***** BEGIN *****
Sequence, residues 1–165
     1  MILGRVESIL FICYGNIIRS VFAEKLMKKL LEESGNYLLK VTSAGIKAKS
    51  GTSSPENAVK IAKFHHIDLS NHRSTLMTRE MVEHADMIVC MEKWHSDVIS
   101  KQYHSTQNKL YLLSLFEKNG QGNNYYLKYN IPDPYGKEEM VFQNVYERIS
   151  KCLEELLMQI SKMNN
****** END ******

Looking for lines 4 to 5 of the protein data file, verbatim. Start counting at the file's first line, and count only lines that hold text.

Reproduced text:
   101  KQYHSTQNKL YLLSLFEKNG QGNNYYLKYN IPDPYGKEEM VFQNVYERIS
   151  KCLEELLMQI SKMNN